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Have you ever seen feral cats roaming near your home?

Feral cats are found all over America, and it’s important to learn what you can do to help these wild cats. National Feral Cat Day takes place each year on October 16th, providing the perfect opportunity to learn more about feral cats.

Keep reading as we discuss more about feral cats and how you can help cats in your local community.

What Are Feral Cats?

A feral cat is a non-domestic cat that lives outside, often in a colony of other cats. Feral cats are not socialized with humans; they survive through hunting small animals and seeking out scraps of food.

Feral cats are different from stray cats. Stray cats used to have a home, but then got lost or wandered away. Feral cats, however, were completely born and raised in the wild with no human contact. Whereas many stray cats will come to a human, feral cats may be scared of humans. 

Stray cats can sometimes become feral cats if they’re on their own in the wild for long enough. On the other hand, if a feral kitten is rescued and socialized, it can sometimes be adopted out to a family and live the rest of its life as a domestic cat. 

How to Help Feral Cats In Your Neighborhood 

You might not think there are any feral cats who live near you. But just because you don’t see them doesn’t mean they aren’t there.

Trap, Neuter, Release 

If you do see feral cats in your neighborhood, there are measures you can take to help those cats live healthy and safe lives.

Trap, Neuter, Release (TNR) is a popular program used with feral cats. In a TNR program, feral cats are humanely trapped and taken to a local veterinarian. The veterinarian spays or neuters each cat (and often vaccinates them as well). Then the cats are returned to their home. 

This program is effective because it doesn’t harm the cats — but it also doesn’t add to the problem. Feral cats can cause issues in a community ranging from giving parasites to humans to killing entire species of birds. So when feral cats aren’t able to reproduce, a community’s cat population will go down over time and these problems will naturally resolve.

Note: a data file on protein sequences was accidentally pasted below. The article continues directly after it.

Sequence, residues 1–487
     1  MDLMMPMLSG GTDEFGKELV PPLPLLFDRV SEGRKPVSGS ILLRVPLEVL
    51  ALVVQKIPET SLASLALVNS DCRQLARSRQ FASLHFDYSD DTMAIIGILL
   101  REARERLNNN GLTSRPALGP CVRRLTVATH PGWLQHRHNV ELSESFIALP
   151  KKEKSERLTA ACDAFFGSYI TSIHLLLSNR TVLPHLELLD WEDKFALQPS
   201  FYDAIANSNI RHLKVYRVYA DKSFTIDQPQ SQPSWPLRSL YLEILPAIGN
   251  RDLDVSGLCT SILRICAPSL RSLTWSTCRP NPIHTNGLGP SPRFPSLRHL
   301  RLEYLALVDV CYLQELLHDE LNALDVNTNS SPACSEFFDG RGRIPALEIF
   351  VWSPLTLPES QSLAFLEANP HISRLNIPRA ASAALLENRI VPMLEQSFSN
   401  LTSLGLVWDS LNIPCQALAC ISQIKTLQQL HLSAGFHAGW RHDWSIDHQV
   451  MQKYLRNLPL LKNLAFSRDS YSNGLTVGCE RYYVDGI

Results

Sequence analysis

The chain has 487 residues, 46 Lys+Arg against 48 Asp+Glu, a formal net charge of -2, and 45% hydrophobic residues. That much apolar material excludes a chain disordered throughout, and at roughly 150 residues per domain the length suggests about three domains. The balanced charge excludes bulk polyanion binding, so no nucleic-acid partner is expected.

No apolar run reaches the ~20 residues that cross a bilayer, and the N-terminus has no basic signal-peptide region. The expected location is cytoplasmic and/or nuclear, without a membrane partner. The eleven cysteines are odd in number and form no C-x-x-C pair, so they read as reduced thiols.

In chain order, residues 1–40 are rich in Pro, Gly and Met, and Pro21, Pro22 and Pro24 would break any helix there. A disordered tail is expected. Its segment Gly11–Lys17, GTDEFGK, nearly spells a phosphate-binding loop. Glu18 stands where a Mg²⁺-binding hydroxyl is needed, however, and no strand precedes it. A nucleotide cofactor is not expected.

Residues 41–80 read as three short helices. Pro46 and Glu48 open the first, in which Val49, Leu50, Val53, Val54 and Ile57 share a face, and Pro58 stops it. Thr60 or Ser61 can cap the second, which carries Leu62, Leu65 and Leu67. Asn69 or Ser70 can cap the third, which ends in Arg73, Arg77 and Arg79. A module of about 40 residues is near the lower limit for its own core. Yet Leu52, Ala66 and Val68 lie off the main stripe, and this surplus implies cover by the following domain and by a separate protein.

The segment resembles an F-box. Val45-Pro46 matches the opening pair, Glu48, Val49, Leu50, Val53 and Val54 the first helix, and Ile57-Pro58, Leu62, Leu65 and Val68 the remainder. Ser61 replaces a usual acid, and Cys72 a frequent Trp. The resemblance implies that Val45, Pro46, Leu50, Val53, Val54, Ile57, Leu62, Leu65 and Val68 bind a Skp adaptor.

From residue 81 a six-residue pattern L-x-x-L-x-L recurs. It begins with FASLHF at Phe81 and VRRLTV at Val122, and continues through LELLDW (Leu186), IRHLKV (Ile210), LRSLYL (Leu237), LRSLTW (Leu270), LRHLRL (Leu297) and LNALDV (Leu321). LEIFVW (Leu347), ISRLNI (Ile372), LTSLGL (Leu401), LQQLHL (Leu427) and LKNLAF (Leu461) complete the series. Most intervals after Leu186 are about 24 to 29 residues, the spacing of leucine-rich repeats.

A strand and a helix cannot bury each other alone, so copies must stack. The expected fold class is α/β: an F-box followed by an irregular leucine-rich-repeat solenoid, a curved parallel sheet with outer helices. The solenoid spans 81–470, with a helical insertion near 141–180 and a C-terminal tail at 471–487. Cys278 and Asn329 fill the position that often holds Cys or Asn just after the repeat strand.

Ask around your community (your local Humane Society is a good place to start) to see if there are any TNR programs near you. Once you find a TNR program, consider supportingor volunteering. 

Do Not Approach or Trap

If you see a feral cat, don’t approach it or try to catch it by yourself. Remember, feral cats are not socialized with humans, meaning they’ll probably be scared or aggressive. Notify a TNR program and let them professionally and humanely trap the cat.  

Use this information to take action when you see feral cats near your home. Both the cats and your local community will thank you for helping them coexist in harmony!

Keeping Your Cat Safe and Healthy

Keeping up with your cat’s well-being regularly will help keep your furry friend safe.

Spaying and neutering your own pet cats is essential so you don’t contribute to the problem. Also keeping up with your furry friends’ vaccinations and vet visits will allow you to be sure your pet is healthy year-round.

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Nothing in this article should be construed as financial, legal or veterinary advice. Please consult your own advisors for questions relating to your and your pet’s specific circumstances.

1 Pet Insurance offered by MetLife Pet Insurance Solutions LLC is underwritten by Independence American Insurance Company (“IAIC”), a Delaware insurance company, headquartered at 485 Madison Avenue, NY, NY 10022, and Metropolitan General Insurance Company (“MetGen”), a Rhode Island insurance company, headquartered at 700 Quaker Lane, Warwick, RI 02886, in those states where MetGen’s policies are available. MetLife Pet Insurance Solutions LLC is the policy administrator authorized by IAIC and MetGen to offer and administer pet insurance policies. MetLife Pet Insurance Solutions LLC was previously known as PetFirst Healthcare, LLC and in some states continues to operate under that name pending approval of its application for a name change. The entity may operate under an alternate, assumed, and/or fictitious name in certain jurisdictions as approved, including MetLife Pet Insurance Services LLC (New York and Minnesota), MetLife Pet Insurance Solutions Agency LLC (Illinois), and such other alternate, assumed, or fictitious names approved by certain jurisdictions.